Demand for access to almost infinite computing power will also increase.
Businesses will keep pushing the capabilities of the cloud to reduce costs while improving operational efficiency.
Despite all the concerns and reservations, these trends will make it almost impossible to ignore or do without cloud computing in the future.
Another application that I find extremely useful in cloud computing is sharing data between devices that are running incompatible operating systems such as an iPad and a PC running Windows XP.
Storage on the cloud makes it very simple to share the same data file between two computers to allow him/her to change the content of the same file. I believe as new devices are launched, the cloud will provide the means to make data available on any platform whenever the user likes.
Now that's the kind of freedom and flexibility I like in my digital world!
I am not sure if the Cloud will increase the number of IT jobs. One argument is that because the Cloud is expected to replace most of the existing enterprise networks in especially small companies, there may be a "shift" of IT jobs from small companies to the Cloud service providers.
Also, with the emphasis of automation and minimal human intervention promised by the Cloud, there isn't much potential for increasing IT jobs.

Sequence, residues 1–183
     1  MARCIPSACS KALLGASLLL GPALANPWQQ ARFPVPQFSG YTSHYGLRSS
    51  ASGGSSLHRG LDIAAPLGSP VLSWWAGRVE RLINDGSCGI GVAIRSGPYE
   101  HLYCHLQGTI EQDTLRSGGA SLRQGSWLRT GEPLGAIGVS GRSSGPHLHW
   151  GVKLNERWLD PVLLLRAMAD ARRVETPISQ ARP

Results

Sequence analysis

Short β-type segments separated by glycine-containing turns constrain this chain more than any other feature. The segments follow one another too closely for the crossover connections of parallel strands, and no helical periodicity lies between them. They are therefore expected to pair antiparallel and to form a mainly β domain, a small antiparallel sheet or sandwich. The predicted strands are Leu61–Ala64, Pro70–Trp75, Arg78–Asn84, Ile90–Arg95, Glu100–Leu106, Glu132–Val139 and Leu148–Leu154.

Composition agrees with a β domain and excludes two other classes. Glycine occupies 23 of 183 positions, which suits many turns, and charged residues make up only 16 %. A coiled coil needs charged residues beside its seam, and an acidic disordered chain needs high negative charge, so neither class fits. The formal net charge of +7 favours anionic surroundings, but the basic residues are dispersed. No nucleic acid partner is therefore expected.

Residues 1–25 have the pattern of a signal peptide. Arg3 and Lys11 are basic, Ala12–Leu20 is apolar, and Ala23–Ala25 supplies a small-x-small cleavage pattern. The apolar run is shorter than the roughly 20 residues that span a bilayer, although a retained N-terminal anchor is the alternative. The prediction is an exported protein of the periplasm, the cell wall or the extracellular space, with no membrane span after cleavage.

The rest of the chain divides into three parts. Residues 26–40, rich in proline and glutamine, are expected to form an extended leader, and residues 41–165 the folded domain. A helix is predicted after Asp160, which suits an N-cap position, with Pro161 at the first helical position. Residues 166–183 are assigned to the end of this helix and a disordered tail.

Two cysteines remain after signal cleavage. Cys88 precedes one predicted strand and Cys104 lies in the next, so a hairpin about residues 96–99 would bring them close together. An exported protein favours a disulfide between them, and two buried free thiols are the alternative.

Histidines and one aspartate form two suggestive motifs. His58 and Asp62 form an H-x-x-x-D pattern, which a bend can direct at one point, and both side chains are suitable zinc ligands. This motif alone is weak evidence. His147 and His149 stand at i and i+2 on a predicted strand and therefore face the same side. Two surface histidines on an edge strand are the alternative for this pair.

The cloud is not alone in adopting mealy-mouthed explanations that's don't really mean anything once they are deciphered. I often wonder if PR and marketing people are paid by the syllable. Some things don't lend themselves to simplicity--maybe the cloud is one. The NIST definition isn't too bad and spares us "agility, robust and total system solution."
You have raised a valid point there Jacob. People often do not take the time to dig deep into the definitions of terms they hear day in and they out. Internet, e-learning and cloud are often treated as synonyms by most people, which creates a great confusion and therefore a fantastic opportunity for sales and marketing people to make more money.
Another danger is that people tend to adopt the first definition they come across for a term they are not familiar with without doubting its accuracy and completeness. Very few people spend the time to use to different references for the definition of the same term to make sure they adopt the correct one.
In an age where there is so much 'information pollution', using multiple references has become a must in my opinion.